If you want to learn more about all encompassing world-building and grand story telling, then Monstress by Marjorie Liu is for you.
Typically stories that consist of many layers plot-wise and that are character driven tend to lose me within the first few pages, just because there’s just so much to keep track of, and the fact that I get easily distracted doesn’t help. Monstress wasn't that, and I chalk that up to a wonderfully written story of revenge and survival. With Liu’s writing paired with the beautiful art done by Sana Takeda, it’s no wonder Monstress found itself on NPR’s list of 100 Favorite Comics and Graphic Novels.
Just like Wytches, Monstress was referred to me by a local comic shop employee. She’s two for two so far. I really have to give credit to the way Liu crafted this epic story with apparent ease--something that all aspiring writers struggle with. I’ve seen writers swimming in post-it notes in order to keep their stories straight, I can only wonder how Liu was able to keep all of her thoughts in a workable order. It's not so much the dialogue or the character building in Monstress, but the world-building that is created by dropping the reader smack dab into the middle of the story mise en scene--not explaining anything, but letting the reader learn as the story progresses. This is always a tricky task, but when done well can be extremely rewarding as it is here.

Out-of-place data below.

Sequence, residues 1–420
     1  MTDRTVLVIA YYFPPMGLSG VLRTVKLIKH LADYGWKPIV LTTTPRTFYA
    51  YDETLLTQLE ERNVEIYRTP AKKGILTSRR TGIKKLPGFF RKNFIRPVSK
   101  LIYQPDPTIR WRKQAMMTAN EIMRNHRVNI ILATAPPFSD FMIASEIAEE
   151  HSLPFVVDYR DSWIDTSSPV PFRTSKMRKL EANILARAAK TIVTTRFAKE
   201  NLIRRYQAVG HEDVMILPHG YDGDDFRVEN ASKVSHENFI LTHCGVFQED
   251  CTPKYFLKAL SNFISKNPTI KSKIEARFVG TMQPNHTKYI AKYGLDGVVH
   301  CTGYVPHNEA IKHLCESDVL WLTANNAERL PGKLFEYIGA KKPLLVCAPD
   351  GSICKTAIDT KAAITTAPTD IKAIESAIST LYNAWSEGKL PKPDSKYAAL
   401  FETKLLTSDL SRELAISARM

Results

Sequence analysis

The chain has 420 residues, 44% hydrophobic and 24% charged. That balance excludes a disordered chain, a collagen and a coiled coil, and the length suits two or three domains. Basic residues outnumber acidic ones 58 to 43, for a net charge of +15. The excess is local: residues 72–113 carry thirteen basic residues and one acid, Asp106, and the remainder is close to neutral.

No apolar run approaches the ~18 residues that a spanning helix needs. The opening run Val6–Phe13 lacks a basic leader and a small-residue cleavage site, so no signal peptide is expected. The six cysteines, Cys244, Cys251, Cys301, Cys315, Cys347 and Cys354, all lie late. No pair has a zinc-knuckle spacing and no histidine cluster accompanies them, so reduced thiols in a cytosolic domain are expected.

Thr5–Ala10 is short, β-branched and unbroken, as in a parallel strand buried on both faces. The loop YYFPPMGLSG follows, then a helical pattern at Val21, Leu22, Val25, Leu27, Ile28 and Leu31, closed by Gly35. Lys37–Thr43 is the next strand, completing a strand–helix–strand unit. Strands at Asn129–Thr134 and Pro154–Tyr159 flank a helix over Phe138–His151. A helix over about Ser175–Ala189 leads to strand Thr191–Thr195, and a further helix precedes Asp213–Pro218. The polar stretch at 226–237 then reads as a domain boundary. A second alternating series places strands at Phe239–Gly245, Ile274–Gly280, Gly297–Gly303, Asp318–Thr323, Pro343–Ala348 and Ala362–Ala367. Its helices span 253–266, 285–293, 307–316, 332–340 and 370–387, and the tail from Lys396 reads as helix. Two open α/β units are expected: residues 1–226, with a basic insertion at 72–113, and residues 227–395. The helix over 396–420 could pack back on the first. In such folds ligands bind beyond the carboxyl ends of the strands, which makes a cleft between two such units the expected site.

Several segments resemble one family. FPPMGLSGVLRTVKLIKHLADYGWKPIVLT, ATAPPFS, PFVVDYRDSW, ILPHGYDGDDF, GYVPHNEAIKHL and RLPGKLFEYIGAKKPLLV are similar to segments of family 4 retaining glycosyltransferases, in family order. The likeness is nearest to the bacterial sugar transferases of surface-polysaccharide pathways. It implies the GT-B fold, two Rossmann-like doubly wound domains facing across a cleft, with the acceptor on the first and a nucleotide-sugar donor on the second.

Having read Monstress twice, it went a little smoother the second time as it read more like a movie script. It’s not only the dialogue that keeps you engrossed, but how visually stunning every page is. The art has a very Egyptian/Manga style which is quite striking. Despite the arts mystical quality, it also involved a few gory scenes that as a whole gave Monstress a very animalistic/natural vibe in that nature can be beautiful and violent all at the same time.
Monstress is story set in a matriarchal society where live witches, sorcerers, gods, and all things magical. Reading a story that was written and illustrated by women, about a matriarchal society is a rarity, but thankfully something that is becoming more available. Coming from a family with many strong women, it was satisfying to see that portrayed in comic form.
At the onset we see 17 year old Arcanic female, Maika Halfwolf being auctioned off to her human bidders. In the ensuing issues, Maika seeks to find the truth about what happened to her mother. There are undertones of racism, slavery, and trafficking enveloped within the plot that push Maika to an uncontrollable anger that she must sustain.
The New World of Monstress is made up of five races: humans, the Ancients who are human-like with animal heads, cats (Children of Ubasti) that are able to speak and have several tails. It is said that they are the oldest race in the New World. Arcanics which are a hybrid of the humans and the ancients. And lastly, the Old Gods, which are worshipped by the Arcanics but are otherwise a mystery. They are said to have immense power, but can be a destructive force.
Monstress vol. 1 consists of issues 1-6 and was published in July 2016. It does contain some strong language and graphic scenes of violence, so those who have children or are sensitive to things like that beware. Volume 2, which contains issues 7-12 was just released this month and is very much on my radar as it should be on yours.